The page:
It sounds a bit like a riddle. What’s 400 feet long, French, and guaranteed to make a woman smile? The answer is this representation of a clitoris that materialized in a field in the village of Montferrier-sur-Lez in the department of Hérault near the Mediterranean Sea.
The image is the handiwork of two sexologists named Marie-Noelle Lanuit and Jean-Claude Piquard, and a protest against the taboos that prevent the depiction of lady parts in public places, esp. in textbooks, which, according to the two professors, become curiously euphemistic when female sexuality is the topic.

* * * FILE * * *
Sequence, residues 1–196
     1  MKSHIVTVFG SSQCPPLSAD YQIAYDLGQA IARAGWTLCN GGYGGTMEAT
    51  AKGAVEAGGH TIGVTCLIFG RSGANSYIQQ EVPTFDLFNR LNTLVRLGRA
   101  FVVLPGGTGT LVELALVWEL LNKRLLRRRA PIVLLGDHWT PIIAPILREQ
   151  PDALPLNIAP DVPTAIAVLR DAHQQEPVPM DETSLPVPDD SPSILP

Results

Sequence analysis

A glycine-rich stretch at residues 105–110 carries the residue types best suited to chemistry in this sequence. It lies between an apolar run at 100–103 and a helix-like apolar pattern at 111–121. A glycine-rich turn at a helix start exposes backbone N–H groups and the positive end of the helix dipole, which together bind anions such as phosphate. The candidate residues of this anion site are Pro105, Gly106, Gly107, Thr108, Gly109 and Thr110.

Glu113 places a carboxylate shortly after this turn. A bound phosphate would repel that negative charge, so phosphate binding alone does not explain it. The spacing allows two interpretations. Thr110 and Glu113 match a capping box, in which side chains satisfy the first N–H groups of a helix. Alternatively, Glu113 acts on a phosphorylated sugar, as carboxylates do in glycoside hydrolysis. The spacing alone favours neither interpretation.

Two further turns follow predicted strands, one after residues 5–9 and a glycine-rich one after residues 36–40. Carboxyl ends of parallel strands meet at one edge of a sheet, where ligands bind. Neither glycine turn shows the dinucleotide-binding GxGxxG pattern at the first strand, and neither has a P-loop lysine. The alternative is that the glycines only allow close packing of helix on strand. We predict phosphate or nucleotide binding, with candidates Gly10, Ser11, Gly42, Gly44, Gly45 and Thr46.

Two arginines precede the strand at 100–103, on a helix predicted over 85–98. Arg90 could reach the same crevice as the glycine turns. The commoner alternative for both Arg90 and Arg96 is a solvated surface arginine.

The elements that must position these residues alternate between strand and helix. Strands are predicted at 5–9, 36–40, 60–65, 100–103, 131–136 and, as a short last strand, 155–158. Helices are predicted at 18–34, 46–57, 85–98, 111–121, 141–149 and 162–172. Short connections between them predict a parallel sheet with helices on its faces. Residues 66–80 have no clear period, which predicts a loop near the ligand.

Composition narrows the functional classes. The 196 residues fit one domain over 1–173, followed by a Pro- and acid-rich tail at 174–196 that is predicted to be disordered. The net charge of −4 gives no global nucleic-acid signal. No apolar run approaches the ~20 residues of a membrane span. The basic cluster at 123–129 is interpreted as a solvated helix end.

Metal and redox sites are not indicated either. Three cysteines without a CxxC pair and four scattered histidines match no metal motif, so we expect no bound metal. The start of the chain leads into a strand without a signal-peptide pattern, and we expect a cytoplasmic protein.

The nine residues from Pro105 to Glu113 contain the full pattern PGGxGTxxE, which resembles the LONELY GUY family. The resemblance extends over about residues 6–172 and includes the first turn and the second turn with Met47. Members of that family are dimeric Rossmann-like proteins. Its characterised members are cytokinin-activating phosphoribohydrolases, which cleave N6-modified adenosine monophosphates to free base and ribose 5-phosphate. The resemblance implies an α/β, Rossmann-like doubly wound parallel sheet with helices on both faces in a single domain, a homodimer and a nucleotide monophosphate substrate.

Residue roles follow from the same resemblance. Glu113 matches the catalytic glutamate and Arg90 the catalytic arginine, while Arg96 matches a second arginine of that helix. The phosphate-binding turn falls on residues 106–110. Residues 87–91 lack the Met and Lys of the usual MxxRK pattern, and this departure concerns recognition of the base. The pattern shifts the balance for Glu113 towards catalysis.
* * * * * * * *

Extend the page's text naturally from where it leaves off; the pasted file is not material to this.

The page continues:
“The clitoris still has no visibility in biology textbooks,” Lanuit said to the Midi-Libre newspaper. “Either it’s absent or it is included but with no mention that it is the organ of female pleasure,”
“Female pleasure is taboo in the medical world. Only the vaginal pleasure is taught where the clitoris plays a secondary role, with arguments that are often incompatible with anatomical data. It is sometimes named, but it is never drawn in textbooks in the complete form. In books it is usually presented as a small bean.”
Lanuit and Piquard were dressed in red to represent the sexual organ.